As super PACs and heavily funded national organizations pour millions into elections across the country, candidates in two Senate races are trying to put an end to the tidal wave of third party ads from groups they cannot coordinate with, converse with or control.
But in both Montana and Massachusetts, the Republican candidates’ pledges to ban advertising from outside groups were written by the very type of outside group they were seeking to ban.
Sean Cairncross, a top election lawyer for the National Republican Senatorial Committee, which helps elect Republican candidates to the Senate, is listed as the author in the electronic signature of the letters both Montana Rep. Denny Rehberg and Massachusetts Sen. Scott Brown sent to their opponents.
Rehberg’s letter, which he sent on Friday, called for him and his opponent Sen. Jon Tester to sign a “Made in Montana Pledge” to reject any money from outside Montana, refund any out-of-state money already received and block third party advertising in their race.
Chris Bond, Rehberg’s campaign spokesman, said it would have been “simply irresponsible” not to seek the advice of an election law expert when creating a legally binding campaign finance agreement. Bond said Rehberg and his campaign drafted the pledge and then sought “advice and feedback” from Cairncross.
“As we began drafting this ground-breaking proposal, which Tester refused to sign because he didn’t want to part with his lobbyist and special-interest PAC money, it should come as no surprise that we sought the advice of an election law expert,” Bond said.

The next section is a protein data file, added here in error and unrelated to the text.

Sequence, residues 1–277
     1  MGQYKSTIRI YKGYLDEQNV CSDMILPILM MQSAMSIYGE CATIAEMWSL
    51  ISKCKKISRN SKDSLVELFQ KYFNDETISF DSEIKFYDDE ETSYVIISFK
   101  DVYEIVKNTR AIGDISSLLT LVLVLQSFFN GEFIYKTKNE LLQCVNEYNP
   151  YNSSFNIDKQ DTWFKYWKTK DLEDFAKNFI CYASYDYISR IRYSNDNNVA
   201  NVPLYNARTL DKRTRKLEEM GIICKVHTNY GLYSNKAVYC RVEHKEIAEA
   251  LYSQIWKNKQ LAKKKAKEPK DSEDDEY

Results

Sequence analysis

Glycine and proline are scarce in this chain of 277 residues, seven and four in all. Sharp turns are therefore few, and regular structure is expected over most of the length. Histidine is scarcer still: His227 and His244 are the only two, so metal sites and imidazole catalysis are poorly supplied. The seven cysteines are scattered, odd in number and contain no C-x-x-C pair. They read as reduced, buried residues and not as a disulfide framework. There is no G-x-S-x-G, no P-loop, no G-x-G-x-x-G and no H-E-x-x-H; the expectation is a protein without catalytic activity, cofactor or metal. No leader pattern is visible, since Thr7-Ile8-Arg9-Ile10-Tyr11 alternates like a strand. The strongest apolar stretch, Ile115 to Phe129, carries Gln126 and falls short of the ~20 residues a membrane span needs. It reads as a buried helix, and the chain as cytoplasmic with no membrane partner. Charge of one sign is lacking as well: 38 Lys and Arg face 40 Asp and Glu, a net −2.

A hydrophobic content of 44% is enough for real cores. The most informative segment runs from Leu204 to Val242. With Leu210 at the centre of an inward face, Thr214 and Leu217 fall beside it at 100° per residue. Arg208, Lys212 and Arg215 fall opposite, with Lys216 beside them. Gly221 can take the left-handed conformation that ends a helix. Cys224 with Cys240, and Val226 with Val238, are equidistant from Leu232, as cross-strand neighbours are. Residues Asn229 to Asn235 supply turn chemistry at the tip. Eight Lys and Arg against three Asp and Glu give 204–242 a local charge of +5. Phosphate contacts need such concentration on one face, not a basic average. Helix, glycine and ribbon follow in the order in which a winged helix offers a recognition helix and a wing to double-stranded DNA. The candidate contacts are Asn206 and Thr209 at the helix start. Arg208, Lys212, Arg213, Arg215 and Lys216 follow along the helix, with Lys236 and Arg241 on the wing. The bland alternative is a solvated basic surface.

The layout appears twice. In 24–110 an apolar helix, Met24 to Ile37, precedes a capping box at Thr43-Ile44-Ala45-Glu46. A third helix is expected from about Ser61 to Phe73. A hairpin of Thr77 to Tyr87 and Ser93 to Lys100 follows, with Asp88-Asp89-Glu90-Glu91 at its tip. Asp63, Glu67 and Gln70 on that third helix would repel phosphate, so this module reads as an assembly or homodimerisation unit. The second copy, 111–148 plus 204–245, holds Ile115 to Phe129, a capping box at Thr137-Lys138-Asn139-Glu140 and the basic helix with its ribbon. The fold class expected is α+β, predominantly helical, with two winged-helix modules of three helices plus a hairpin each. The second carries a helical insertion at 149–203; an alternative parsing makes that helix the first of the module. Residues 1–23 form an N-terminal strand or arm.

Rehberg’s pledge was a stricter version of a pledge Tester sent last week requesting that both candidates reject only third party advertising. Murphy said Tester’s pledge was his own idea and was written entirely by Tester and Murphy.
“Congressman Rehberg asked Washington lawyers to do his work for him, then tried to tell everyone his pledge was ‘made in Montana?’” Tester’s spokesman Aaron Murphy said. “It’s yet another lie, and it’s exactly why Montanans can’t trust Dennis Rehberg.”
In Massachusetts, Brown’s letter laid out the stipulations of a “People’s Pledge” that he and his chief rival Elizabeth Warren signed to eliminate spending and advertising from third party groups and Super PACs in their hotly contested senate race.
While the irony of using a third party group to write a pact banning third party groups is unmistakable, the reasoning is more straightforward. Election law is a tangled web of legalese, legislation and Supreme Court rulings where the lines are fine and the penalties are severe.
With some of the best election law experts in the country employed by the national parties, Brian Walsh, a spokesman for the NRSC, said the coordination “shouldn’t surprise anyone.”
“As with our Democratic counterparts, the NRSC provides advice and counsel to all of our campaigns,” Walsh said. “It would be surprising if they did not seek advice from election law experts within their party, particularly when opponents present them with legally binding agreements.”
But Murphy said the Montana pact, which Tester and Rehberg were unable to agree on, was not about creating a legally binding document.
“For us it wasn’t about putting forward a legal document,” Murphy said. “In Montana your word is your bond and a handshake goes a long way.”